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Meet Scholarship Winner Mariya-Yeva Tsapenko

Sep 23, 2022

Thirty-year-old interdisciplinary studies student Mariya-Yeva Tsapenko was awarded a University Without Walls scholarship during the spring semester. Born in Kyiv, Ukraine, she lives in Boston and is pursuing her bachelor's with a degree concentration of sustainability in global business. Although she is not a First Generation student, she is the first generation of her family to study in the United States. Inspired by the farm-to-fork mission of her workplace, Mariya-Yeva went back to school to pursue a career in preservation and sustainability. 

Every adult student has a story. What's your story?

I came to the US when I was very young, and always had a hard time figuring out my place. Without family nearby, I lacked community and financial support. I struggled with various health issues and spent several years after high school trying to regain my health and find stability. In regaining my health, I developed a deep love and connection to the natural world. During the COVID-19 pandemic, I lost my job and started thinking seriously about what I wanted for my future. For years I wanted to complete my degree, but I did not know how I could afford it, or which major fit my unique professional goals. When I came across the UWW program, it was perfect for me, because I could streamline my various interests towards one goal, in an affordable way, all without uprooting my current lifestyle. The decision to return to school is one of the best I’ve ever made. Before, I was working a job to make ends meet. Now, I can study what I am passionate about the most and build a future with a meaningful career. Last fall I returned to UMass full-time, and the finish line to my degree is now within sight. Thank you to UMass UWW for giving me the knowledge and resources to reach for my dreams!

What's your profession?

Currently, I'm focused on studying, but I worked in a restaurant for 3 years before the pandemic. I loved the farm-to-fork ideology of the establishment and the conservation land that inspired it, so I returned to school to pursue a career in nature preservation and sustainability in business.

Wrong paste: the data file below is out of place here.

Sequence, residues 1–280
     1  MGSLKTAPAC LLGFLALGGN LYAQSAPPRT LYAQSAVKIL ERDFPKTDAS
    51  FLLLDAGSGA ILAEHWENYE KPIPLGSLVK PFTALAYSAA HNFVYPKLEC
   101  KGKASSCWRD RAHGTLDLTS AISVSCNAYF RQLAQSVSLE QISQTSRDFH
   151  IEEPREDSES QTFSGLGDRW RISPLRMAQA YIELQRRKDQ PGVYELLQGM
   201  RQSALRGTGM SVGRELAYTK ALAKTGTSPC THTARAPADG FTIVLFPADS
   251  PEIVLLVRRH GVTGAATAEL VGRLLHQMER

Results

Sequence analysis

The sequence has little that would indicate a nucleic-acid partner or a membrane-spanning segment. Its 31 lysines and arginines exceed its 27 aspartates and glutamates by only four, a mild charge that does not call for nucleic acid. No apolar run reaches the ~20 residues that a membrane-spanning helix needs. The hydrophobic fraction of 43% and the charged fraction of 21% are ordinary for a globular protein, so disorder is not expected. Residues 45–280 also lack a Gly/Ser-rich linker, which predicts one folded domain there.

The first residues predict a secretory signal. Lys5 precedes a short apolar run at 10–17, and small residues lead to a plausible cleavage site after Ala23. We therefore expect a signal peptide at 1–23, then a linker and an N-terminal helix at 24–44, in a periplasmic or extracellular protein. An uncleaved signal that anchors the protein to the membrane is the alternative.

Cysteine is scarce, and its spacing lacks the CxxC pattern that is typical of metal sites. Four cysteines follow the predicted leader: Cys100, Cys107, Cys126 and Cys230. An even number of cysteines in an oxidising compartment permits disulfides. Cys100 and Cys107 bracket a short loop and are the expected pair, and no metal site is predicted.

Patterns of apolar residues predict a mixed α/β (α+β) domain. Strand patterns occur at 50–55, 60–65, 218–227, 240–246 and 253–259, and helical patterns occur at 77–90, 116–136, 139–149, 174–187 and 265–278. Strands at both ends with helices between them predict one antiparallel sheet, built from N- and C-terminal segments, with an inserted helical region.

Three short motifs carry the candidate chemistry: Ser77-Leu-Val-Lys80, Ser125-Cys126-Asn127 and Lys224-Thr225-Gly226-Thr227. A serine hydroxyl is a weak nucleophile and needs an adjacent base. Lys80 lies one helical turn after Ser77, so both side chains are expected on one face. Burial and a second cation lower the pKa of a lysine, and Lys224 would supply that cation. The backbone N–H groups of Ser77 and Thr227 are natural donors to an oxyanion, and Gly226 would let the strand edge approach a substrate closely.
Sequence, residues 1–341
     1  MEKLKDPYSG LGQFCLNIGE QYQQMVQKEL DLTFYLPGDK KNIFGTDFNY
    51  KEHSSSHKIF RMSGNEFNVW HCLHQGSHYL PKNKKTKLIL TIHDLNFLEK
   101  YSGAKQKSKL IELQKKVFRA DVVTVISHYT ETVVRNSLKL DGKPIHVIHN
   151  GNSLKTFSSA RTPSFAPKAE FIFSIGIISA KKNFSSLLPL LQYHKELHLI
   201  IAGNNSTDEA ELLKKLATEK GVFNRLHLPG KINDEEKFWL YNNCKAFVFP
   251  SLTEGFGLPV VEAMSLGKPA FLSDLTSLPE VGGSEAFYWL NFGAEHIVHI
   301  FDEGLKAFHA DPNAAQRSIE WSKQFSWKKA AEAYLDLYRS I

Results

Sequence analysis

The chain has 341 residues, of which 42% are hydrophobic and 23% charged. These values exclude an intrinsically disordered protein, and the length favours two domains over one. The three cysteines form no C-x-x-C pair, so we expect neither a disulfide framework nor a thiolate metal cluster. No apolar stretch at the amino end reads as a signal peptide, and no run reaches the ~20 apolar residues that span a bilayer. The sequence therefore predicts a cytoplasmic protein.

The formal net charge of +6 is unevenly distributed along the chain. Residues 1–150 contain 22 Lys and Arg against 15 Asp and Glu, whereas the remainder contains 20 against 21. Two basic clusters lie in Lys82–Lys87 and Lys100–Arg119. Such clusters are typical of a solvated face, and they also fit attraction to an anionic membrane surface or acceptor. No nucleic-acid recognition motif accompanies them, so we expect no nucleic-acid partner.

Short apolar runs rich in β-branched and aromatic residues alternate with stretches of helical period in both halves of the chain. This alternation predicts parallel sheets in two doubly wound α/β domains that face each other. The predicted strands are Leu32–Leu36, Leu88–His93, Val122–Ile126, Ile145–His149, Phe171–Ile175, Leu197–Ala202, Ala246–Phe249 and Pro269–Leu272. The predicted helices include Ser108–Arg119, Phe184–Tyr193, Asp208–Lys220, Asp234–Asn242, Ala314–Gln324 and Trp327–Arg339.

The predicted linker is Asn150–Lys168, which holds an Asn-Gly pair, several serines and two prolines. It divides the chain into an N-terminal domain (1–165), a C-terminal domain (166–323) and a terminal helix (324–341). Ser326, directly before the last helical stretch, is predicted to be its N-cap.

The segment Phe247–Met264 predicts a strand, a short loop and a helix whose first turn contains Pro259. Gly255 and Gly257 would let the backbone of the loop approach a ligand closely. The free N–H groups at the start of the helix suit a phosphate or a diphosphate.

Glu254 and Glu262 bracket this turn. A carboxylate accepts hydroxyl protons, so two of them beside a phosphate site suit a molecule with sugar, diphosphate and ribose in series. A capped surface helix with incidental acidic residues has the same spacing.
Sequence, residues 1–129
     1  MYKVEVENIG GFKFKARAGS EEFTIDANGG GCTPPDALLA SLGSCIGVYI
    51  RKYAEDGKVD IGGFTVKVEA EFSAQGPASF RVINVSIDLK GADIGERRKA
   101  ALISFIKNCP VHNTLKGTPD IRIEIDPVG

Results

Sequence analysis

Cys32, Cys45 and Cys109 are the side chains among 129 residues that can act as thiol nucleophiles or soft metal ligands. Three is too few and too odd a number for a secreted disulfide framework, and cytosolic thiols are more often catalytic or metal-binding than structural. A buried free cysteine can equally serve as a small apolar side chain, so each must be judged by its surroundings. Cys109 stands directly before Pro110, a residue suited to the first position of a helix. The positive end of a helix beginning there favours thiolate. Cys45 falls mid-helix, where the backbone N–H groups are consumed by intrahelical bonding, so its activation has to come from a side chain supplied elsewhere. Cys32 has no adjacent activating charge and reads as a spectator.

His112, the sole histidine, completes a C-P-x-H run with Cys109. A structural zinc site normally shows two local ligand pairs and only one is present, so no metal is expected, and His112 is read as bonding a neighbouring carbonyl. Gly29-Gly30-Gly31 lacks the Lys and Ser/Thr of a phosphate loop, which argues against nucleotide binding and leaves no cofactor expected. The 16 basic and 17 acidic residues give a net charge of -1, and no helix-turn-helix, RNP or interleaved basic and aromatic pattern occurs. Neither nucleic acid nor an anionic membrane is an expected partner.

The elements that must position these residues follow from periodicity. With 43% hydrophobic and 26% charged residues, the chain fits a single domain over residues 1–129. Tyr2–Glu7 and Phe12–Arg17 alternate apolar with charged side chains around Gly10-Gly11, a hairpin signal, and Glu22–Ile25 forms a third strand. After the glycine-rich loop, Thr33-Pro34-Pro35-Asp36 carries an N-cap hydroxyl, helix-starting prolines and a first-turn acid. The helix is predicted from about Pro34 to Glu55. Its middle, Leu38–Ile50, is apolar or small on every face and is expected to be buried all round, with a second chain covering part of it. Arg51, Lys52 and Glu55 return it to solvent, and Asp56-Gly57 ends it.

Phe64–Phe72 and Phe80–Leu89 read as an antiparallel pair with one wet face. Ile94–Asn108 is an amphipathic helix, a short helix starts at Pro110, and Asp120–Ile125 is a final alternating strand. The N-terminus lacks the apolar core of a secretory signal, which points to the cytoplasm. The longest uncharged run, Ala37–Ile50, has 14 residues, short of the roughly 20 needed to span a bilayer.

What does winning this scholarship mean to you?

Above all, winning this scholarship shows me that my university believes in me, and thinks I am a worthy investment, which makes me incredibly proud. This support has given me faith that others will help you when you have the courage to take a difficult path in the right direction.

What is the best part about being a UWW Interdisciplinary Studies student?

I absolutely love the flexibility of the program, and how understanding all of my professors have been to my own unique challenges. I have so much freedom to be who I am, and I don't have to compromise my lifestyle to fit a certain paradigm to be a student. I love connecting with a diverse range of people who have so much wisdom and insight to offer. 

My family has always deeply valued education. UWW has provided me with the ability to complete my bachelor's degree in the most affordable and convenient way imaginable while still receiving a quality education. I love hearing my family tell me they are proud, and I am proud to be a UMass Amherst student. 

How do you balance work, school, and other responsibilities?

It can be very challenging at times because I have many more responsibilities as an adult than I did when I was 19. However, the UWW style of asynchronous learning has made fitting school into my life extremely convenient because I can pick up my work whenever I have time, as long as I meet my deadlines. Since I don't have to plan around transporting myself to a specific location at specific times, I have much more flexibility to balance other parts of my life.

What are your plans for the futureprofessionally and personally?

In the future, I would like to be reunited with my family in Ukraine. Other than that, my goal is to ecologically improve as many spaces as I can: in the US, Ukraine, and other parts of the world. I am interested in working for conservation non-profits, or even as a consultant to help businesses develop more sustainable innovations. I could work in government to help implement environmental regulations or even start my own business that collaborates with others who share green values. Whether it's being a project manager for a permaculture movement or working alongside or with the state, I want to start a career in preservation and responsible stewardship of the Earth.


*The views and opinions expressed in this article are those of the person being featured and do not necessarily reflect those of the University.